This program’s purpose is to support NAMRU-2 to improve disease surveillance activities, evaluate novel diagnostics products and therapeutic interventions, test disease control strategies, and develop local expertise via training to detect and respond to emergent disease threats. Vysnova’s goal is to understand and combat infectious diseases and vector-borne illnesses including Malaria, Dengue, Chikungunya as well as the burden and distribution of Swine Flu, Bird Flu, SARS-CoV-2, MERS-CoV, and other emerging infectious diseases.

Problem:

Obtaining approvals for a clinical trial is complex and timely including our clinical trial entitled “Safety, Tolerability, the Pharmacokinetics of Tafenoquine after Weekly and Escalating Monthly Doses of Tafenoquine in Healthy Vietnamese Volunteers” in Vietnam.  There have been so many changes in the protocol from the initial version to a finalized one and each change might require approval from the leadership of the involved parties. In addition, due to the COVID situation, it takes much longer to obtain approvals from the Vietnam Ministry of Health, the U.S. Naval Medical Research Center IRB, and the U.S. Navy Human Research Protection Official (HRPO).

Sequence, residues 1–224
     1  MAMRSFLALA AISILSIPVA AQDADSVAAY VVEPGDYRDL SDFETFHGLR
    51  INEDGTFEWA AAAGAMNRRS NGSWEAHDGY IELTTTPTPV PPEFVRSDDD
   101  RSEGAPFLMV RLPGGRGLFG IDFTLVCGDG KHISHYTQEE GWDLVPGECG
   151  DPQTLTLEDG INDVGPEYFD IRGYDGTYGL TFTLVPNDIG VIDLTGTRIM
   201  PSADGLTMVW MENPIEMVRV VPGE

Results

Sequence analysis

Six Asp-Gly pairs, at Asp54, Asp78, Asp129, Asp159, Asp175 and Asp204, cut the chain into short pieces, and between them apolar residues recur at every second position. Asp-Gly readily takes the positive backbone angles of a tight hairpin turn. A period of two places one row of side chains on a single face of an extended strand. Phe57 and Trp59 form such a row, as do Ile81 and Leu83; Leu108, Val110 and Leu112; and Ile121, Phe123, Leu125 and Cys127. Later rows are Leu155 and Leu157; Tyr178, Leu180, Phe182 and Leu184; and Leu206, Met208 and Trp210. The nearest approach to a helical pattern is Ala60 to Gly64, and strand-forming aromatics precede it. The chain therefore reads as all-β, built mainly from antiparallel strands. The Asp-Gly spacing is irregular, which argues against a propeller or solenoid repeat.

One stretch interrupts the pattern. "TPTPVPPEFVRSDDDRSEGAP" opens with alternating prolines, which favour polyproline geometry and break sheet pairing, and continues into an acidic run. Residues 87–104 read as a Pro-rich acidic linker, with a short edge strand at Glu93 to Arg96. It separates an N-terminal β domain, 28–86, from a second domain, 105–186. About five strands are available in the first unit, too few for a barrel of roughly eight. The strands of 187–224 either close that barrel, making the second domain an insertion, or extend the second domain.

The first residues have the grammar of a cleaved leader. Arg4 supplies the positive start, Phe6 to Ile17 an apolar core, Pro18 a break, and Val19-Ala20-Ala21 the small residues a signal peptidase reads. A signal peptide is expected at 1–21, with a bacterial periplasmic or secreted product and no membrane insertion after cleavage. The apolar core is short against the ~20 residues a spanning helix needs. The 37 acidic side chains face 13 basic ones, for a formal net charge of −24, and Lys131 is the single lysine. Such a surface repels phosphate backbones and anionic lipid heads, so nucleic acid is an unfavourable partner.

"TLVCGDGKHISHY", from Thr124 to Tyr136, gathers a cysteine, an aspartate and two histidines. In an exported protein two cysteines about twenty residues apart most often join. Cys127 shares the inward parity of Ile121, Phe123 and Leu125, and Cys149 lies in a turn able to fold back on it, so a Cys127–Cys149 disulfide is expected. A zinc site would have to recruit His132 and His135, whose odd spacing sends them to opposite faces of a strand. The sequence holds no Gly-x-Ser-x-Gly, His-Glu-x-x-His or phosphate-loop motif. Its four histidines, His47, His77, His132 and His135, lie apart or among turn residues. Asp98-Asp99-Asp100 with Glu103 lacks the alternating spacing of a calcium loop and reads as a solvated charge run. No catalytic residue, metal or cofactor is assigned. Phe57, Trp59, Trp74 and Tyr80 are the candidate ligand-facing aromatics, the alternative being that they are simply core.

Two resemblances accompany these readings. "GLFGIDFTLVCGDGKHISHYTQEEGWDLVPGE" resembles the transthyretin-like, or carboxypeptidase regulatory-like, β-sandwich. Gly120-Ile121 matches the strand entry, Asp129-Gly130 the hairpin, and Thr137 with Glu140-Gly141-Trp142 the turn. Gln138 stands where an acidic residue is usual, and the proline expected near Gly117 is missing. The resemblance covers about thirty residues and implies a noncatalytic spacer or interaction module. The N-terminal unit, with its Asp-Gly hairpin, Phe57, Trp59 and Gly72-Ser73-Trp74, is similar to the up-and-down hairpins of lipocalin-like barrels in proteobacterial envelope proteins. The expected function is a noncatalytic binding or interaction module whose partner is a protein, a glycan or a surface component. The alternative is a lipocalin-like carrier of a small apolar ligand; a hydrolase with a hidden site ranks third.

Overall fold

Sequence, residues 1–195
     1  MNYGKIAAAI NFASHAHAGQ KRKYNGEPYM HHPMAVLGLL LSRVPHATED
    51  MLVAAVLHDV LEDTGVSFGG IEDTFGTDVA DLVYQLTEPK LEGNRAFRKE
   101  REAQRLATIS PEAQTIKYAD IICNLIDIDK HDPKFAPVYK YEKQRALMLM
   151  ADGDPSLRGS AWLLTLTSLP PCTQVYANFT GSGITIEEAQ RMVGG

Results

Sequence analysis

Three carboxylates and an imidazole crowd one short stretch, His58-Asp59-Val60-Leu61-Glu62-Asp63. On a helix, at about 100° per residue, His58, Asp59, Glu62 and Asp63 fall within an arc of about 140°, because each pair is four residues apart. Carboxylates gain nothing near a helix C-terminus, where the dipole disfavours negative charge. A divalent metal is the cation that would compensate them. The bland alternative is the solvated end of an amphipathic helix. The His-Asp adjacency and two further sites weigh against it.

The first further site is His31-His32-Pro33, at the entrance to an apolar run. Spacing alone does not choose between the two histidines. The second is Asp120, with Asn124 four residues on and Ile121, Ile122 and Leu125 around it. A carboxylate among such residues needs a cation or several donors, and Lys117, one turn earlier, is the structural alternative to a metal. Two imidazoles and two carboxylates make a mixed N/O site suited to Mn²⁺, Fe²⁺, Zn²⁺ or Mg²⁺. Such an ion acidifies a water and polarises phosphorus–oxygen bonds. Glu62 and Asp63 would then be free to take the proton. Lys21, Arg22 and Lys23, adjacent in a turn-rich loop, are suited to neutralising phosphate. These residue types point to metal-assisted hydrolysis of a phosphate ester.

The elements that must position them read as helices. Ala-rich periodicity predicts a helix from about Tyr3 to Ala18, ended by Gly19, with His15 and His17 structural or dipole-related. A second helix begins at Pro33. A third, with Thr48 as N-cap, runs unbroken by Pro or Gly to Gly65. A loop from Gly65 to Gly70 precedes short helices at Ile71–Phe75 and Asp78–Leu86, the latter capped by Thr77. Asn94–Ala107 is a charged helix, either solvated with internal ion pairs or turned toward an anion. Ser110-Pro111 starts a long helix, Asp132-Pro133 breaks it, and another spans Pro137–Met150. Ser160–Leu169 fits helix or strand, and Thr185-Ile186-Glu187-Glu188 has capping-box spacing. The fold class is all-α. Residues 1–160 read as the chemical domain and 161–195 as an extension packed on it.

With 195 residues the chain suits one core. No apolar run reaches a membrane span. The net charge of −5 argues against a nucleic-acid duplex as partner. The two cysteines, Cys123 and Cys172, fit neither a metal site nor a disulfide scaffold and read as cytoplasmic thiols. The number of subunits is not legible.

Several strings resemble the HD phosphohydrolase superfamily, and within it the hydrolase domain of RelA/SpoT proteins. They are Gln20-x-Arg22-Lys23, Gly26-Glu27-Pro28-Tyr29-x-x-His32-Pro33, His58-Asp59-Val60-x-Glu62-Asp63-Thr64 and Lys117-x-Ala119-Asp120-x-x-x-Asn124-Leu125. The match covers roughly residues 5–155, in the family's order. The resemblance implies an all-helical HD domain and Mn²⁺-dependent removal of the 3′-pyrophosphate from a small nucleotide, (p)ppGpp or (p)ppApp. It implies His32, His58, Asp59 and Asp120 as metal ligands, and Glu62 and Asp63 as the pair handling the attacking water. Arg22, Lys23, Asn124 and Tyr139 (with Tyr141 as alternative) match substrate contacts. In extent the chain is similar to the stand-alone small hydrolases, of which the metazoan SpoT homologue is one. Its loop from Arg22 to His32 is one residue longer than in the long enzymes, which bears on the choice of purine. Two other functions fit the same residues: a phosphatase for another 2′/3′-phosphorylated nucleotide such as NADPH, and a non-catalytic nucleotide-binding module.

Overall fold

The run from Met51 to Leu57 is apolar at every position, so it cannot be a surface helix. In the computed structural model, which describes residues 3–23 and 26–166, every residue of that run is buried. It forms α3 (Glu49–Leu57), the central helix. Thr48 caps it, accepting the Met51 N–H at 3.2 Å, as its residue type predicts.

The Work:

Vysnova has accelerated this approval process by providing appropriate instructions to the local partners, responding to any requirement for changes immediately as well as providing all required documents as quickly as possible. We also followed up with our local partners and NAMRU-2 regularly to get immediate updates on the approval process.

The Vysnova impact:

We were able to obtain the IRB approvals from the Vietnam MOH and NMRC in December 2021 and expect to receive the final HRPO approval in January 2022. The team plans to start the sample collection activities in February 2022 and expects to complete this study by December 2022. This research would help combat the spread of drug-resistant malaria in and from Vietnam by monitoring the effectiveness of current malaria treatment therapies, testing drug susceptibility of malaria parasites, and developing new malaria treatment modalities.